Two of our last three presidents lost the popular vote, yet we’ll be living with their judges, laws and executive orders for a long time. That doesn’t happen in any other country. When George W. Bush lost the popular vote, but “won” the 2000 election, my heart turned to ash. That our country would award its highest office to the loser just seemed wrong. We couldn’t allow this to happen again. To a number of friends I argued for dumping the Electoral College.
As a kid from the Carolinas, I often found myself befuddled by the behavior of my Wisconsin cousins. I remember watching in horror/wonder while these Midwesterners heaped maple syrup atop not just pancakes, but corn chips, slices of cheddar, even hot dogs. Their front yard boasted seven regal sugar maples, and I’d help ferry buckets of the clear, watery sap to my aunt’s kitchen, where a stockpot was continuously aboil.
Once I visited the farm of an acquaintance and thought I’d stepped onto the grounds of a county fair. An open area was festooned overhead with long ribbons of orange, pink, yellow and green. It turns out his free-ranging chickens swirled through the 1⁄2-acre open area of fenced run. The ribbons were inexpensive surveyor’s tape (also called flagging) tied to posts and tree branches and running horizontally at least 7 feet above the ground.
Muck Rack makes it simple to find people, tweets, or articles that mention any name, keyword, company, hashtag etc. We've compiled this guide to help you make the most of your search.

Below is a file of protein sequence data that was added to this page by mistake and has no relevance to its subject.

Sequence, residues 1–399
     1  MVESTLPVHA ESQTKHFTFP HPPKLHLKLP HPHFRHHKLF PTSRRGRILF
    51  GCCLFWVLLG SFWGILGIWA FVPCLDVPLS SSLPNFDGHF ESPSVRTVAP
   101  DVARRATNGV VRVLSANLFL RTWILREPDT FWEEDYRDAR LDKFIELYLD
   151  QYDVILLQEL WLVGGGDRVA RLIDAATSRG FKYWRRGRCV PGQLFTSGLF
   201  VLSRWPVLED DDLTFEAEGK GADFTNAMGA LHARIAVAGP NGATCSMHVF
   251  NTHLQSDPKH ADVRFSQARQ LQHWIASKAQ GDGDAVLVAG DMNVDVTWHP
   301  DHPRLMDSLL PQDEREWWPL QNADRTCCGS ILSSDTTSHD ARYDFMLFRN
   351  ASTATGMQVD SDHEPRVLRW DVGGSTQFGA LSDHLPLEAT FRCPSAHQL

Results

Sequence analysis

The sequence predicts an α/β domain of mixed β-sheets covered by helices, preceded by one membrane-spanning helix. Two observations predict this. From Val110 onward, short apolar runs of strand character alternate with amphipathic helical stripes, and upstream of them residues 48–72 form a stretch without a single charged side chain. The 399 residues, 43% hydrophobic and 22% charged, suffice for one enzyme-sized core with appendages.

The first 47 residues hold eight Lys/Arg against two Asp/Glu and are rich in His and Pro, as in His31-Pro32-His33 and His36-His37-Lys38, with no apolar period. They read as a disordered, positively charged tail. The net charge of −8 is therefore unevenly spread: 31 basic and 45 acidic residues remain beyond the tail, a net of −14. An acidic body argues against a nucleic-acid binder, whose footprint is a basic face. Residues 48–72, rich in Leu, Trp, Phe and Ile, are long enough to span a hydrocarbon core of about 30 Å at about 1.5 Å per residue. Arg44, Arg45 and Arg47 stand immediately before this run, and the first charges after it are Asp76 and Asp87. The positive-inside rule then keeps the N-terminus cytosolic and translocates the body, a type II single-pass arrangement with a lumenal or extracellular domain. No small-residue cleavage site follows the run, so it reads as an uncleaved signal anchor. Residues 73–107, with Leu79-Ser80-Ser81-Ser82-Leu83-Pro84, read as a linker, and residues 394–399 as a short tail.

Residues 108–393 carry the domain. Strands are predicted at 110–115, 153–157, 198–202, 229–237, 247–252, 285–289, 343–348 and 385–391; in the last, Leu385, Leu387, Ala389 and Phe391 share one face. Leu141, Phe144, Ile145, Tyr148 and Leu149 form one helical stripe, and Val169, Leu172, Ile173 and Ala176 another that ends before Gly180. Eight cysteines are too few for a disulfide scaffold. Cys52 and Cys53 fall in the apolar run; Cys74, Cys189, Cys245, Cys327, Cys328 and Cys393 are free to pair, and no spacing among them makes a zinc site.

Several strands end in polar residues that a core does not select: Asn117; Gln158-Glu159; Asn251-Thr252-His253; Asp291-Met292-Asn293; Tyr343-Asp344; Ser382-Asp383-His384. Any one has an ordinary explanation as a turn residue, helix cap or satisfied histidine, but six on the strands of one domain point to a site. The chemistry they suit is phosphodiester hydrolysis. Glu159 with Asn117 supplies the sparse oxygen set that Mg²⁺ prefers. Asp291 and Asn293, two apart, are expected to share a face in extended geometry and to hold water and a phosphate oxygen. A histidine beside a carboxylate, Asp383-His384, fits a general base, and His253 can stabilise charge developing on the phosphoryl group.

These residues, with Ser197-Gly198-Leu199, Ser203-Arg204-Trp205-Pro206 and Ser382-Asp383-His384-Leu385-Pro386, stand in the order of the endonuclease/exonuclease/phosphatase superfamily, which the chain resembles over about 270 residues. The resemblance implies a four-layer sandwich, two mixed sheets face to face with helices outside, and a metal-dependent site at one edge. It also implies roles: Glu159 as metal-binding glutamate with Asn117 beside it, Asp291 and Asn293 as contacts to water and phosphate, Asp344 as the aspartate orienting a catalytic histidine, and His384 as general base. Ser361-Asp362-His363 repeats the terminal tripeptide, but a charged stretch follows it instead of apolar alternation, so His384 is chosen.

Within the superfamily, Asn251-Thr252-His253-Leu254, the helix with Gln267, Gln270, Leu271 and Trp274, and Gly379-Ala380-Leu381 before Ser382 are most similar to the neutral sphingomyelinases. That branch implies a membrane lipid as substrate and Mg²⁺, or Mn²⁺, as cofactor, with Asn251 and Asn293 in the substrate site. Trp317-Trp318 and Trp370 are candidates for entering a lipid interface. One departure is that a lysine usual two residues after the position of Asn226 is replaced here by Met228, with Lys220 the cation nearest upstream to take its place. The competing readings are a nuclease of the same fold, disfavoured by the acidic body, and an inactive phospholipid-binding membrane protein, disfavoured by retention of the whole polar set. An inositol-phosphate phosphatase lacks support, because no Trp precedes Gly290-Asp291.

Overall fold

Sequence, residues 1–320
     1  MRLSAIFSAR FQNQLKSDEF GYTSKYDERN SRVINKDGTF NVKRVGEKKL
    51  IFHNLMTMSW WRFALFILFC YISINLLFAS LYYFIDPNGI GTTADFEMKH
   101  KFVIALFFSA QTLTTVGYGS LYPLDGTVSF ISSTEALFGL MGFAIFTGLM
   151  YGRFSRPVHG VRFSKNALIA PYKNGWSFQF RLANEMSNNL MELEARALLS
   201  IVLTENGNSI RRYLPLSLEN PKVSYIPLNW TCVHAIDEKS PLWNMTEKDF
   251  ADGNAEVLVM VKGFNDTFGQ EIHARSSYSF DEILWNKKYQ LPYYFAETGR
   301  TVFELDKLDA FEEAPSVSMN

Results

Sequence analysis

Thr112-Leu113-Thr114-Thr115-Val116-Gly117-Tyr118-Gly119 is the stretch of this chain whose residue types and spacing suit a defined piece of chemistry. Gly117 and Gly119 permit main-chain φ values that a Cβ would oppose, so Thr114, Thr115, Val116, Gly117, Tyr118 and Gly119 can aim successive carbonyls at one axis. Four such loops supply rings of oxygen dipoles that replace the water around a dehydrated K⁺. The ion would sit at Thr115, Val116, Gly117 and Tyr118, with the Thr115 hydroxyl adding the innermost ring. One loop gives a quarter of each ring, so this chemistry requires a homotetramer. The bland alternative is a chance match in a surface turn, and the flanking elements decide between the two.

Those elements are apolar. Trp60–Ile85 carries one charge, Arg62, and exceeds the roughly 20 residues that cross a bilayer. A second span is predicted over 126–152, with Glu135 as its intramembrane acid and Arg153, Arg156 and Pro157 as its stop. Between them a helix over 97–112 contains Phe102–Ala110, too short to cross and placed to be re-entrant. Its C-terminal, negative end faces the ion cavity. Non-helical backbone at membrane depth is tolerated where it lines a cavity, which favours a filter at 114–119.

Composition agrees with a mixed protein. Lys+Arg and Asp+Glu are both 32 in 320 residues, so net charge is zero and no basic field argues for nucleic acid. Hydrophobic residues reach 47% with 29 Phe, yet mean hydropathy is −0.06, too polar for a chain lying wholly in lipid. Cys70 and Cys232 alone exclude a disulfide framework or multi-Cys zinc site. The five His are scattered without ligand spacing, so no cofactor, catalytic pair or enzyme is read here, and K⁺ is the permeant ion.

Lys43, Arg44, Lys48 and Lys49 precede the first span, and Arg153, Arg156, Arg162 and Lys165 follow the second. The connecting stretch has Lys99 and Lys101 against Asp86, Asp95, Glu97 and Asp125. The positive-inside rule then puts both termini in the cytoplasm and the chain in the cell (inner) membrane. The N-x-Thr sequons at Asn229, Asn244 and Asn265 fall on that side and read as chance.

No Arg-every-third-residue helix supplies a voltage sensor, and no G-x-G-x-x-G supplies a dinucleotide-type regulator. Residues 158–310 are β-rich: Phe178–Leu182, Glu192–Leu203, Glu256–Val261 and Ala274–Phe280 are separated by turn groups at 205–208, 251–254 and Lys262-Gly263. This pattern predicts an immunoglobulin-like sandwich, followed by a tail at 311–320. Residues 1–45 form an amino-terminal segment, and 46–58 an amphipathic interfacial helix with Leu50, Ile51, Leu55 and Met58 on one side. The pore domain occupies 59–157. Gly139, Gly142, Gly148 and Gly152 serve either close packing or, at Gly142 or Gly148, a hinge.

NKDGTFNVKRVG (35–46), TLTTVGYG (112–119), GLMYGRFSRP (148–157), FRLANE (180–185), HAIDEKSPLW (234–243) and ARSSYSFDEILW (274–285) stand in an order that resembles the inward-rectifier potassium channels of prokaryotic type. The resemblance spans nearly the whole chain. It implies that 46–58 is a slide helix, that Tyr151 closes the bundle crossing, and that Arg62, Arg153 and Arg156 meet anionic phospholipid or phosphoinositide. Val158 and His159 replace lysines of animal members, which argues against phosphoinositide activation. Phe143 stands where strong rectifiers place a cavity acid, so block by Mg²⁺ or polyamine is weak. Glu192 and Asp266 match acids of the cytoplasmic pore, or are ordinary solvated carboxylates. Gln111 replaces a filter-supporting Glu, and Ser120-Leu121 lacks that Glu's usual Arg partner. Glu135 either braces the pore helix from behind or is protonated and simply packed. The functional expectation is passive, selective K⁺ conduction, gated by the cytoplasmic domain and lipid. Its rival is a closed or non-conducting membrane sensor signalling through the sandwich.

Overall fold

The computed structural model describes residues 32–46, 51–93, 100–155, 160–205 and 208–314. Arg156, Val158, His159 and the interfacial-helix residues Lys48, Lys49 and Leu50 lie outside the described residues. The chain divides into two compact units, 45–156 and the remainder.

Selecting a term
Start searching tweets, articles from media outlets, articles mentioned in tweets, journalists'
names, titles and bios with some suggested searches:
Companies or Topics (e.g. iPhone, Microsoft)
Phrases (e.g. "cloud computing") — use quotes to keep the terms together
Twitter handles (e.g. @username) — returns those who have mentioned or replied to
Names (e.g. "David Pogue")
Hashtags (e.g. #sxsw, #london2012)
Bio details (e.g. vegan, Olympics, father)
Muck Rack's Advanced Search allows for many boolean operators.
Find results that mention multiple specified terms, use AND or
+. For example, ensure each result contains both Elon Musk and Mark Zuckerberg by
searching Musk AND Zuckerberg or Musk + Zuckerberg.
Use the operators OR or , to broaden your search when you'd like either of
multiple terms to appear in results. (This is the default behavior of our search when no operators
are used). For example, results will contain either cake or cookie by searching cake OR cookie or cake,cookie
Use NOT or - to subtract results from your search. For
example, searching Disney will yield results about the Walt Disney Company as well as Walt Disney
World Resort. To exclude mentions of Disney World, search for Disney -World or Disney
When using one of these operators with a phrase, enclose it in quotation marks. For example, you can
find results about smartphones excluding Apple's iPhone 4S by searching smartphone -"iPhone
Exact case matching or punctuation
If you're searching for a brand name or keyword that relies on specific punctuation marks or capitalization, you can
find results that match your exact query by adding matchcase: before the keyword you're searching for, like matchcase:E*TRADE .
Use parentheses to separate multiple
boolean phrases. For example, to find journalists talking about having fun in Disney World or
Disneyland, search for ("disney world" OR disneyland) AND fun.
An asterisk can be used to search for any variation of a root word truncated by the asterisk. For example, searching for admin* will return results for administrator, administration, administer, administered, etc.
A near operator is an AND operator where you can control the distance between the words. You can vary the distance the near operation uses by adding a forward slash and number (between 0-99) such as strawberries NEAR/10 "whipped cream", which means the strawberries must exist within 10 words of "whipped cream".